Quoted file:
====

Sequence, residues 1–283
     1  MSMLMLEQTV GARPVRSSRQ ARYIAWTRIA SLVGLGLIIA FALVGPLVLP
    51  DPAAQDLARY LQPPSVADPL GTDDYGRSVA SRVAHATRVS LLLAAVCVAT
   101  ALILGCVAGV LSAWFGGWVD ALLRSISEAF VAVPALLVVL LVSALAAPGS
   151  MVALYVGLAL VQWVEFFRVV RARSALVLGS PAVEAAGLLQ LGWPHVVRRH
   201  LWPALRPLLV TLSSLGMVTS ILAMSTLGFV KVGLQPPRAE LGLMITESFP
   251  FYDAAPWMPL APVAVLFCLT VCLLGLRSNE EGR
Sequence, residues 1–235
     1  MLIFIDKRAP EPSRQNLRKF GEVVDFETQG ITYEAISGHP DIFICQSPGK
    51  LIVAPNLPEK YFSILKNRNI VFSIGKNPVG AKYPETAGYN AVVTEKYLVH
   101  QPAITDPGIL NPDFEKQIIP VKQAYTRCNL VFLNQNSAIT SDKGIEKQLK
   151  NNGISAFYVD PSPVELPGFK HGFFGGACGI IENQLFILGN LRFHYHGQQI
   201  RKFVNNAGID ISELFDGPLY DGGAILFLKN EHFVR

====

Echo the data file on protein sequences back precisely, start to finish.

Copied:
Sequence, residues 1–283
     1  MSMLMLEQTV GARPVRSSRQ ARYIAWTRIA SLVGLGLIIA FALVGPLVLP
    51  DPAAQDLARY LQPPSVADPL GTDDYGRSVA SRVAHATRVS LLLAAVCVAT
   101  ALILGCVAGV LSAWFGGWVD ALLRSISEAF VAVPALLVVL LVSALAAPGS
   151  MVALYVGLAL VQWVEFFRVV RARSALVLGS PAVEAAGLLQ LGWPHVVRRH
   201  LWPALRPLLV TLSSLGMVTS ILAMSTLGFV KVGLQPPRAE LGLMITESFP
   251  FYDAAPWMPL APVAVLFCLT VCLLGLRSNE EGR
Sequence, residues 1–235
     1  MLIFIDKRAP EPSRQNLRKF GEVVDFETQG ITYEAISGHP DIFICQSPGK
    51  LIVAPNLPEK YFSILKNRNI VFSIGKNPVG AKYPETAGYN AVVTEKYLVH
   101  QPAITDPGIL NPDFEKQIIP VKQAYTRCNL VFLNQNSAIT SDKGIEKQLK
   151  NNGISAFYVD PSPVELPGFK HGFFGGACGI IENQLFILGN LRFHYHGQQI
   201  RKFVNNAGID ISELFDGPLY DGGAILFLKN EHFVR